When did you lose track?



From stamps to coins to baseball cards to just about anything we could toss in—Beanie Babies, just about the entire world of Disney, Hummels, every official and unofficial and bootleg and unauthorized and second to last third annual farewell tour live music from your favorite band—collecting and becoming a self-taught-expert on things is something where just about all of us could look around our home, spot something, point, and express an admission of guilt.

We have hobbies. We have things that interest us. And, usually—for reasons that might involve cost, storage space, differing interests for different people—the way we pursue (or don’t pursue) those hobbies vary over a lifetime.

When I was younger, I tried to get interested in stamps and coins. The fascination lasted for one weekend trip with some friends to a hobby shop that specialized in stamps. Beyond that, I don’t think you could string together more than five minutes of attention from my childhood.

Ok, that’s not true. I vividly recall my parents, during a family trip to Washington, DC, bringing their children to the National Postal Museum one morning for a visit that involved many of the Smithsonian locations… and that was a pretty interesting trip for a variety of reasons. I’ve always appreciated some of the stories and histories involved in several specialty hobbies, including stamps and coins.

Instead, what I want you to consider is a bit more simplified than why some of us find things interesting or mind-numbing. And that is this…

Ice cream… chocolate cake… a wonderful steak cooked specifically to order with a tremendous horseradish cream sauce on the side. These temptations and others are things that all of us can agree are indulgences that we enjoy, even though we all recognize that they do not represent the healthiest of choices and shouldn’t be a daily part of a wonderful diet.

Twist that logic, and you have what I think applies to the vast majority of times when you mention stamp collecting to people. Because deep down, some of the stories are truly amazing…

  • How the early days of any postal service usually involved sending mail postage due… collect… pay upon receipt. So, often, mail delivery was turned away because intended recipients couldn’t afford to accept it. In 1840, the world began to change a bit, when the first postage stamp was offered in England.
  • The Inverted Jenny may be one of the most famous stamp errors that many of us have actually seen photographs of at some time or another. This stamp is well-known for the printing mistake that offered an image of an upside-down plane.
  • In the United States, the history of stamps and postal service efforts is deeply intertwined in the fabric and development and history of the country. Just the stories involving the Civil War are fascinating and incredible.

Remember the indulgences… delicious and wonderful, but perhaps not everyday treats? Most people seem to understand that stamps, and the history of them in America and around the world, can be interesting, fun, and cover important ground. And at the same time, those people also seem to lack long-term focus and excitement in the field.

It is with that lacking long-term attraction that we suddenly arrive at too much of a good thing.

Just over two decades ago, work began on a commemorative quarter program. You know the one… fifty states, five released per year over a ten-year run. Madness resulted as people began collecting them.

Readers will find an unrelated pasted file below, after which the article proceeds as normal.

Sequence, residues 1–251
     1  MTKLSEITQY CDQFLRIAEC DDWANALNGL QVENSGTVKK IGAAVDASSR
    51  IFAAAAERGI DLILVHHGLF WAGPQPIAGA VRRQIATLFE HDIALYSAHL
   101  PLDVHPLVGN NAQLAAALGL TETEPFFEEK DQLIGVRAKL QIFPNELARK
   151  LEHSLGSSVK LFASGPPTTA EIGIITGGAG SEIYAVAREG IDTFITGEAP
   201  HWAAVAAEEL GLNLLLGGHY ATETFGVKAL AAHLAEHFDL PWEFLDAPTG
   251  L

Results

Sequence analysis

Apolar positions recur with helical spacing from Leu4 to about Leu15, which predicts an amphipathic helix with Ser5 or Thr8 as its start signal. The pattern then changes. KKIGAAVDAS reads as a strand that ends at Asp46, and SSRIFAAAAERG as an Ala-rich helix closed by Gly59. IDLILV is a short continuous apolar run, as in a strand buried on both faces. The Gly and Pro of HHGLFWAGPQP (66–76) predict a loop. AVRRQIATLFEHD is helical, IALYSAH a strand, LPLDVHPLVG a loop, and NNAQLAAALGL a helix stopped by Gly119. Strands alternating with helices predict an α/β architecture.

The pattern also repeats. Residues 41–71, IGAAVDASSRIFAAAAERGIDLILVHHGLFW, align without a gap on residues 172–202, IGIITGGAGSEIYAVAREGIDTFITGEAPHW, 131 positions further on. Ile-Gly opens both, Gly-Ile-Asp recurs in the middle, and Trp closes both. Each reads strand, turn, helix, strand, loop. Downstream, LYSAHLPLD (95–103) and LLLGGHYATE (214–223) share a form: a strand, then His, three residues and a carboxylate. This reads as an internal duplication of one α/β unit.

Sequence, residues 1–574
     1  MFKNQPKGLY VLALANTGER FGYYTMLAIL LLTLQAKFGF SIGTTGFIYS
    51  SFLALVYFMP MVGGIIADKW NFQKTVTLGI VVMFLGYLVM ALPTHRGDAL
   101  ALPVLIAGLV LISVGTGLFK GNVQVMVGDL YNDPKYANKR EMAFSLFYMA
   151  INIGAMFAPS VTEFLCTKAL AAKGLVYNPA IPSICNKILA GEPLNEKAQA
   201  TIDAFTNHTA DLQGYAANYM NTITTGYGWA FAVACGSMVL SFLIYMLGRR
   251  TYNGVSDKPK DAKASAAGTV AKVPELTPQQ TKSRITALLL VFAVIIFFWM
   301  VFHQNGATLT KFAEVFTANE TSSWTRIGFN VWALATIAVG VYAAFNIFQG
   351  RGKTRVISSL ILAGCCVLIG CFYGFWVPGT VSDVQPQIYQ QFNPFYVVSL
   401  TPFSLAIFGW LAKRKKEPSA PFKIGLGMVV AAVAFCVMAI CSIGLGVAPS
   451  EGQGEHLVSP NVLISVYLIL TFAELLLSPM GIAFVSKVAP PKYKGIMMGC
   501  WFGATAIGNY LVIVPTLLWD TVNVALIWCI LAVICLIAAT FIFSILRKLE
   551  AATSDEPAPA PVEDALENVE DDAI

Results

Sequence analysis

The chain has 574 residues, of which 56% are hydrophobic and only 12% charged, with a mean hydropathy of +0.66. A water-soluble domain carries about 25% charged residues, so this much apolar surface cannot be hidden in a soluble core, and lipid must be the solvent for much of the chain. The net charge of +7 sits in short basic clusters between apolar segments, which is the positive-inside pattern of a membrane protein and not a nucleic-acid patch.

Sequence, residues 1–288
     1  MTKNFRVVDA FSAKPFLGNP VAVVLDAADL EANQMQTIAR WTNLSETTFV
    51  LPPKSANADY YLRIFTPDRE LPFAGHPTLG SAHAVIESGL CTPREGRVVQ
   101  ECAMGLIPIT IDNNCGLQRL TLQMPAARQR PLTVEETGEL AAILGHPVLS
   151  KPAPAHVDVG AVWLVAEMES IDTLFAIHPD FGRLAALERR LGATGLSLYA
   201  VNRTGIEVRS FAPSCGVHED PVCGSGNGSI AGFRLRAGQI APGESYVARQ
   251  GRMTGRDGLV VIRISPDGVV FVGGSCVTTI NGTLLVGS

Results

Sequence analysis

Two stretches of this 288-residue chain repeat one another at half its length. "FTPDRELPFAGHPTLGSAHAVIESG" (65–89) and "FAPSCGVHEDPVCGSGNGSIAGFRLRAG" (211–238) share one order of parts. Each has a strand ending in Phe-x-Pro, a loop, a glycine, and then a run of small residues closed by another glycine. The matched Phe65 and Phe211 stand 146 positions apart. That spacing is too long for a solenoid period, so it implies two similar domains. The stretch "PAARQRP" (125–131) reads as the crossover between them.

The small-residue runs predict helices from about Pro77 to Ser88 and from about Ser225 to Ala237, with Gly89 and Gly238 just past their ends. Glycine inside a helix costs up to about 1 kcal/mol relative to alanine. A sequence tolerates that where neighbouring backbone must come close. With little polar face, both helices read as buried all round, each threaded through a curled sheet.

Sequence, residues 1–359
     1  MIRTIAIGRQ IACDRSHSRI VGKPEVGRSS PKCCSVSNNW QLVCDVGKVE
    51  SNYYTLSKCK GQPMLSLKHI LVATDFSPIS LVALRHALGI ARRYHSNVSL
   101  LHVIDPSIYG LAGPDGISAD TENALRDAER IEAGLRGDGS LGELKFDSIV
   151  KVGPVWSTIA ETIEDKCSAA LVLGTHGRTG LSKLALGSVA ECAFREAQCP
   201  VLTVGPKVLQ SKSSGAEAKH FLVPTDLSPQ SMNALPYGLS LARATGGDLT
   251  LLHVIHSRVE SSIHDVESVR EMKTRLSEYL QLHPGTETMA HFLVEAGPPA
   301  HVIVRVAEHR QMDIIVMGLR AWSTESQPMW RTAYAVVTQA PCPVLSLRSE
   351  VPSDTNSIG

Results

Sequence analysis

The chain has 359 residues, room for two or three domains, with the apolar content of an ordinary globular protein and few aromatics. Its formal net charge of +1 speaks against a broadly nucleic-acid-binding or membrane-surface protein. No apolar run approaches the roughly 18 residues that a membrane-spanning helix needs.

People wanted them in as perfect a condition as they could find. People bought specialty storage items and display units. All sorts of thrills.

Since then, the U.S. Mint has gone a bit nutty trying to follow-up on the successes of that program. Coins to celebrate U.S. Presidents, national parks, American history, and even a series of pennies specialized for Abraham Lincoln. And, there are more.

Let’s be clear about something… I’m not saying that these efforts are a bad idea. Potentially confusing since many of them involve coins in circulation, but not necessarily bad.

What I am wondering about is overall interest. Be honest. Did you know there were four different styles of pennies issued about ten years ago to honor dates of Lincoln’s birth (1809) and the first Lincoln cent (1909)? Did the run of nickels—known as the Westward Journey series—get you as excited about checking out coins as the 50 States Quarters effort?

Coming across a bicentennial quarter or a wheat penny can be pretty neat. Pushed far enough though, and it moves into an area that tests your patience.

I don’t remember exactly how I finished my set of commemorative quarters. It might not have been assembled in order or within days of the final coin release. But I can recall that I finished collecting all fifty.

I can also remember when I heard that the nickels would be joining the effort to have a special run, and not being that excited about continuing coin sorting and collecting efforts into other areas. Fifty quarters. I was good with that.

My wife and I aren’t head-over-heels avid collectors of anything. We have some things we’ve purchased, and you might say collected, over time. Many of them likely wouldn’t matter to you. That’s fine. And if you are collecting all the different coin styles as the circulate, fantastic.

But remove the interest, and regardless of the fascinating details, all of us eventually lose track. And I find myself wondering how long each of us lasted, and about the reasons we drifted off.


If you have any comments or questions, please e-mail me at Bob@inmybackpack.com